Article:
Oct. 29 (Bloomberg) -- Merrill Lynch & Co. enhanced risk controls in the years before mortgage losses eroded its capital and led to a forced sale to Bank of America Corp. in 2008, former co-President Ahmass Fakahany said.
“The risk dynamic in the financial-services industry was getting broader and more complicated, especially on the regulatory front, and so we had to buttress our capabilities,” Fakahany, 52, said in an interview aired today on Bloomberg Television. “We expanded the number of risk managers on the trading floor.”
Fakahany was responding to a book excerpt in the November issue of Vanity Fair magazine saying he reduced the role of risk managers. The excerpt is from “All the Devils Are Here,” by Bethany McLean and Joe Nocera, scheduled to be published in November, according to Vanity Fair. Merrill’s risk department went into “decline” after Fakahany was given responsibility for it, and he knew “next to nothing” about risk management, according to the excerpt, which doesn’t name its sources.
Fakahany said he wasn’t contacted by the book’s authors before it went to press and declined to comment to a Vanity Fair staffer prior to publication of the excerpt because he said he didn’t know what it would say. When contacted by Bloomberg News, Nocera said he Googled Fakahany, couldn’t find him, and never called him.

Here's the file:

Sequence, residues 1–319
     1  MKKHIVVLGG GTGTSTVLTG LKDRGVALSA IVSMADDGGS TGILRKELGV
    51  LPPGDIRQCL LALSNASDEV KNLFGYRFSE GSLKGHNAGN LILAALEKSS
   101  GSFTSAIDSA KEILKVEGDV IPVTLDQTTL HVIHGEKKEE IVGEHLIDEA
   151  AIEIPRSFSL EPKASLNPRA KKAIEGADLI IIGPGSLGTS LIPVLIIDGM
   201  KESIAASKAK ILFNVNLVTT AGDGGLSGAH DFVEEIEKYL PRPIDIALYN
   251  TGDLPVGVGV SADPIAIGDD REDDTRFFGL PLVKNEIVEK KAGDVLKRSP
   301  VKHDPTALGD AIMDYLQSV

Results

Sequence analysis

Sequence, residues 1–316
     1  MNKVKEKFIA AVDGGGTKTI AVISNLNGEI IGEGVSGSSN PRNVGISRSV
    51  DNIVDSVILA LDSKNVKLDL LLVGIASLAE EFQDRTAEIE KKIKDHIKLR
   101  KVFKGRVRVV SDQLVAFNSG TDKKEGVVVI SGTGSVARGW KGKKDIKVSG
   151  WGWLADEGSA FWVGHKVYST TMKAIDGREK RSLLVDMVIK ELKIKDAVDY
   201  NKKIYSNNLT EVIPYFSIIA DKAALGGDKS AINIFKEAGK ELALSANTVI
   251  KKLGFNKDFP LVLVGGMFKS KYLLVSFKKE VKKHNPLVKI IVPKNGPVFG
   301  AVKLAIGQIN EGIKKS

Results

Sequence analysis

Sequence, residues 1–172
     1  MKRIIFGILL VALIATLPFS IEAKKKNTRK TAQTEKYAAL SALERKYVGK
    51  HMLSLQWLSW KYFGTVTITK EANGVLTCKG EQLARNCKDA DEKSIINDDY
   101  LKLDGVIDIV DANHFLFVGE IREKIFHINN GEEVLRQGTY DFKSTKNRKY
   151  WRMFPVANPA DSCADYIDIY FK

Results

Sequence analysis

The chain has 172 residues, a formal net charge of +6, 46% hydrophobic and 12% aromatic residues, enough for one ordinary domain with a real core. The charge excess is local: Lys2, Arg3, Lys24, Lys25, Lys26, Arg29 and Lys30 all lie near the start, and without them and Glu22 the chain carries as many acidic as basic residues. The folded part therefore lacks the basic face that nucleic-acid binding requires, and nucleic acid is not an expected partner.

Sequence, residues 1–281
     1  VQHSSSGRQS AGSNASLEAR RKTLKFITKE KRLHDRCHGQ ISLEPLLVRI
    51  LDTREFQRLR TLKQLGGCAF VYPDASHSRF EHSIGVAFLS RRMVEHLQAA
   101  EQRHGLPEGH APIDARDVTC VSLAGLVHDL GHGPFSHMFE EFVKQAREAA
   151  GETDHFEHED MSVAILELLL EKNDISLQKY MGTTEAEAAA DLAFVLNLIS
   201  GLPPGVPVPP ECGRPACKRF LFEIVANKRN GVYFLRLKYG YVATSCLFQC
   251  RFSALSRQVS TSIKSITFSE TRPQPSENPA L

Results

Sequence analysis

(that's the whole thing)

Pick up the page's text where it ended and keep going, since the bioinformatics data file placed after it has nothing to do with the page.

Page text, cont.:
“I spent 20 years with the firm in control groups with risk committees, with regulators, with auditors,” Fakahany said in the Bloomberg interview. “It would be totally ridiculous to try to dilute the risk program as the company was becoming more complicated, given that was my background and my skill set.”
The excerpt says one risk manager quit after Fakahany promoted the head of credit risk to oversee managers of other areas, including market risk. The manager viewed the changes as a “degradation of the risk function,” according to the excerpt.
Appointing a single manager to oversee all categories of risk and integrate them more closely was becoming “best practice” at the time, as it is now, and was encouraged by regulators, Fakahany said.
“It’s complicated,” he said. “It’s not as simple as a small anecdote.”
Fakahany joined New York-based Merrill in 1987. He served as chief financial officer from 2002 to 2005, when he was named chief administrative officer, with responsibility for risk management. Fakahany was promoted to co-president by Merrill Chief Executive Officer Stan O’Neal in May 2007. O’Neal was ousted in October 2007, and the company posted a $9.8 billion loss in the fourth quarter of 2007. Merrill announced Fakahany’s retirement in January 2008.
In the Bloomberg interview, Fakahany declined to give his views on what went wrong at Merrill. “I don’t know anyone who wouldn’t have done certain things differently in retrospect,” he said.
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